IBM also competes with Amazon and Microsoft with a cloud hosting architecture. Its offering isn’t as popular as AWS or Azure, but it’s surviving. If you’re buying other things from IBM, it makes sense to consider its cloud offering too.
Machine Learning and Big Data
IBM’s Deep Blue technology famously beat Gary Kasparov at chess in the 1990s. That eventually became a technology it calls Watson, introduced in 2010. Machine learning isn’t quite the same thing as artificial intelligence, but the idea is for a computer, which never forgets, to soak up as much information as possible and relate it to the problem you just gave it.
While machine learning is still a specialized field, it’s loaded with potential. The question is what ways IBM can market it. For now, Watson wins the award for being the product with the two biggest buzzwords attached to it that everyone’s heard of but very few have actually seen.
What Oracle has that IBM doesn’t
Oracle’s database is another example of an unpopular product that nobody can get rid of. The difference between IBM and Oracle is that new things continue to be built on Oracle databases, so it’s a field that’s growing. When a company reaches a certain size, there’s no way to get around Oracle.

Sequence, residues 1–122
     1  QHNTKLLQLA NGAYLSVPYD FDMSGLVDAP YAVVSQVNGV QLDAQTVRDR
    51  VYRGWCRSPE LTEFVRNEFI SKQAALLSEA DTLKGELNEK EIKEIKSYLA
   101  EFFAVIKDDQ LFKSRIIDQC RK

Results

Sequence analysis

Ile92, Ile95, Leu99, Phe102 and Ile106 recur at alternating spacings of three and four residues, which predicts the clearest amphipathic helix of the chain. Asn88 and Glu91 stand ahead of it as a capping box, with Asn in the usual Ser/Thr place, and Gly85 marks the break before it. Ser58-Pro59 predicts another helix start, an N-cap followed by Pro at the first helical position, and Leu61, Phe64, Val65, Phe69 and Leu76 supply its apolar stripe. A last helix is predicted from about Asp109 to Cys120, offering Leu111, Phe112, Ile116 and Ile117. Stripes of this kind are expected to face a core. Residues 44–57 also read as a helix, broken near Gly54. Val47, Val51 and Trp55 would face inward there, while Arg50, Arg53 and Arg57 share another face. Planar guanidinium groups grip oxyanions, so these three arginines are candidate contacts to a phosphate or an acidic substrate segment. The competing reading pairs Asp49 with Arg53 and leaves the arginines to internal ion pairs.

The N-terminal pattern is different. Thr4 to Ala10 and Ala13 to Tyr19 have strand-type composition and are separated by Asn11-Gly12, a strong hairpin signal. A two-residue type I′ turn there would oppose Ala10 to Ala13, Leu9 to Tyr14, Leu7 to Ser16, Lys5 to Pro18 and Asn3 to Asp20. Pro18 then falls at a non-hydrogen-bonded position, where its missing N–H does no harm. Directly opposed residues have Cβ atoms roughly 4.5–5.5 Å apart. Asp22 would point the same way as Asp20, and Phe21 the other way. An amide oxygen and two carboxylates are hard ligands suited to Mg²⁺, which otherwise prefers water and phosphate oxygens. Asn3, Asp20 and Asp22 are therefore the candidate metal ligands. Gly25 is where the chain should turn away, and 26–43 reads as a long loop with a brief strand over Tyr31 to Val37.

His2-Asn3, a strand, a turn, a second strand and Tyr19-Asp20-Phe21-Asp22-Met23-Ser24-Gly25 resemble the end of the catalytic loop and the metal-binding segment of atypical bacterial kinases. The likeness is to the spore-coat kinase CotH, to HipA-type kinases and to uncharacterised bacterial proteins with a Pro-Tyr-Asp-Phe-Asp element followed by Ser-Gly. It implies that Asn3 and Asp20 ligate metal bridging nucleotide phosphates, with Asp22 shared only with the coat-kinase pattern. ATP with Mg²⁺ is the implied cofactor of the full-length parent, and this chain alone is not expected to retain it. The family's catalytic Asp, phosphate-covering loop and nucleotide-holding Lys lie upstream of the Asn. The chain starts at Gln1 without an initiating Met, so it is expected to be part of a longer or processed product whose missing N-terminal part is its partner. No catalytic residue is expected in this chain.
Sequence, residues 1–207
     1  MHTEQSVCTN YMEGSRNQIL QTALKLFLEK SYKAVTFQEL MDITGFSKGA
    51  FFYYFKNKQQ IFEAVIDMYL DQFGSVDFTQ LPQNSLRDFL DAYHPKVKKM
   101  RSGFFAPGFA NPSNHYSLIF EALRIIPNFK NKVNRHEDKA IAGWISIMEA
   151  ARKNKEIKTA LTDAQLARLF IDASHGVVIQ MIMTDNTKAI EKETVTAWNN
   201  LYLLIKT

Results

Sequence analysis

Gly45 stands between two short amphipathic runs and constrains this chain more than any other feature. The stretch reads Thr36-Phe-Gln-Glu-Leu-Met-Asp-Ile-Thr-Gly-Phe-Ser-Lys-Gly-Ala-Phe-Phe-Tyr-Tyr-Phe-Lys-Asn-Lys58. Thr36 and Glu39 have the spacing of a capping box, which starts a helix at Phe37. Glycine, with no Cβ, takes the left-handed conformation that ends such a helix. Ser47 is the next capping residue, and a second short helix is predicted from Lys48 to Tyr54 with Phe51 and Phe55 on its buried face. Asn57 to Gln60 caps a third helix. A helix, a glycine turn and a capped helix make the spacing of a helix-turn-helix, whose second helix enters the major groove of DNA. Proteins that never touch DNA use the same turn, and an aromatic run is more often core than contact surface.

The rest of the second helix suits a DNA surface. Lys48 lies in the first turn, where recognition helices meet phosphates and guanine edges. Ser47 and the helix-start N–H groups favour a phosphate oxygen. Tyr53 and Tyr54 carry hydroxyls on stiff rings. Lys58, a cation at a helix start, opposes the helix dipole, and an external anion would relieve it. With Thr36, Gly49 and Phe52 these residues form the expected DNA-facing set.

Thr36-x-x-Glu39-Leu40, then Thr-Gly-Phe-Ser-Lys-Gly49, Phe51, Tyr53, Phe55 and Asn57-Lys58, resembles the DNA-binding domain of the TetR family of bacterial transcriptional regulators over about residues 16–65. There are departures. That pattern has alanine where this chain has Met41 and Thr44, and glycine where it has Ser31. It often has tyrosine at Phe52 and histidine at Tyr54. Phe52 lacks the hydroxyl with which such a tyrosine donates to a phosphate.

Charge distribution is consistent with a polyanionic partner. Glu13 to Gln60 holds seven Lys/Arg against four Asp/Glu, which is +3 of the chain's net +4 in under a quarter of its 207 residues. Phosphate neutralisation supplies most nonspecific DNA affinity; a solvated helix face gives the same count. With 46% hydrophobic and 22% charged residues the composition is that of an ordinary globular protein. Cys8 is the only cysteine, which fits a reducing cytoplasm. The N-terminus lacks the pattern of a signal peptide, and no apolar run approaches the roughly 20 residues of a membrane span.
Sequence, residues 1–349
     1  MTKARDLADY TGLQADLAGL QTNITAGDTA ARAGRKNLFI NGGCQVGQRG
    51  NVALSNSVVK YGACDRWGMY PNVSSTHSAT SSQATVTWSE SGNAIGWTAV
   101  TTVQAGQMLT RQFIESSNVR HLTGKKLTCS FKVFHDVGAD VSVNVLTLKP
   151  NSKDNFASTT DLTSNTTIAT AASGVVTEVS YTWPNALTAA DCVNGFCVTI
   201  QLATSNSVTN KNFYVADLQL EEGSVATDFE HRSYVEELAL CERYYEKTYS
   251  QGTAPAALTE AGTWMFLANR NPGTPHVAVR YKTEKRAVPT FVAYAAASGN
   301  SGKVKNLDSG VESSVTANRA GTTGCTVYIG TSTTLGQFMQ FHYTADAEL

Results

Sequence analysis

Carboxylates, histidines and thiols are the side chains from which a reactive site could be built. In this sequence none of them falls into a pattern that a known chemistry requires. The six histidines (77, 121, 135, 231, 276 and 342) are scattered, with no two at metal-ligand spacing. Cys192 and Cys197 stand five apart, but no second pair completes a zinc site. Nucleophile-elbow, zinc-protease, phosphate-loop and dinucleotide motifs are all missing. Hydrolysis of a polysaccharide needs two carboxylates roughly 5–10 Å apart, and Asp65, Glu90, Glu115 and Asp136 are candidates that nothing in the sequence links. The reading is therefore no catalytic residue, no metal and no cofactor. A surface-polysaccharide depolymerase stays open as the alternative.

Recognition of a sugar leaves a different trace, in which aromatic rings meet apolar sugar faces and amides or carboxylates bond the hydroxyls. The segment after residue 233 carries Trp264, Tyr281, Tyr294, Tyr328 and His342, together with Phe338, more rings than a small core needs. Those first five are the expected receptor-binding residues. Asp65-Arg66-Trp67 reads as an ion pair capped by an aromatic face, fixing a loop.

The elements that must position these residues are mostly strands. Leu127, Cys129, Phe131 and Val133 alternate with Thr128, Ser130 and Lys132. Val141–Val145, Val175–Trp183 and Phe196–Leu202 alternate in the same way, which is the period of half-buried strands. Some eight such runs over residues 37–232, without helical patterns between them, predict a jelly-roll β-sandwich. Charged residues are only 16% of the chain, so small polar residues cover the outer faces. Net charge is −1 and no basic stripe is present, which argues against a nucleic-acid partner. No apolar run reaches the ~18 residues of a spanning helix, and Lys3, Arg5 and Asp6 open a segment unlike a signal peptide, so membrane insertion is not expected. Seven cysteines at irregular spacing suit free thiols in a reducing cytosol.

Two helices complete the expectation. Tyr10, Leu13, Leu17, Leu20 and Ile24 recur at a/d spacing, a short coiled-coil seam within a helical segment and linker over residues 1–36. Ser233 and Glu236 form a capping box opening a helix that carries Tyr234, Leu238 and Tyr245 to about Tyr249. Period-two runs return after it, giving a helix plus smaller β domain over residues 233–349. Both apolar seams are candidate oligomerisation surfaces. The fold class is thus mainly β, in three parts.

At one time, the same thing was true of an IBM mainframe, but that started to change in the 1990s. Companies that made it through the last 20 years without buying one probably won’t end up buying one.
Potentially, the machine learning business could turn into another must-have technology for Big Blue and that would turn them back into a growth stock. But if it just turns into another commodity technology, it probably won’t do much for the Big Blue bottom line.
What does IBM do?: The future
IBM’s transition into these new lines of business came with some pain. Layoffs are relatively common, and it’s left a bad taste in some employees’ mouths. There was a time when you could go to work for a company and expect to spend your whole career there. IBM was one of the last companies where that was still possible. It isn’t anymore, and it’s hurt its reputation at least to some extent.
It’s certainly possible to fall from Fortune 32. It happened to IBM’s one-time rival DEC. But Big Blue has reinvented itself so many times since the late 1970s that I wouldn’t bet against its ability to adjust.
One thing that sets IBM apart from its onetime rivals is its willingness to discard parts of its past before they can bog it down. At one time, it was famous for typewriters. It sold off that line of business in the 1980s. It sold off its PC business when that stopped being profitable. At various times it also made computer chips, computer hard drives, and printers. That’s why I wouldn’t bet against Big Blue in the long run. One of the things IBM does best is not holding on so tightly to its past that it keeps them from moving into its future.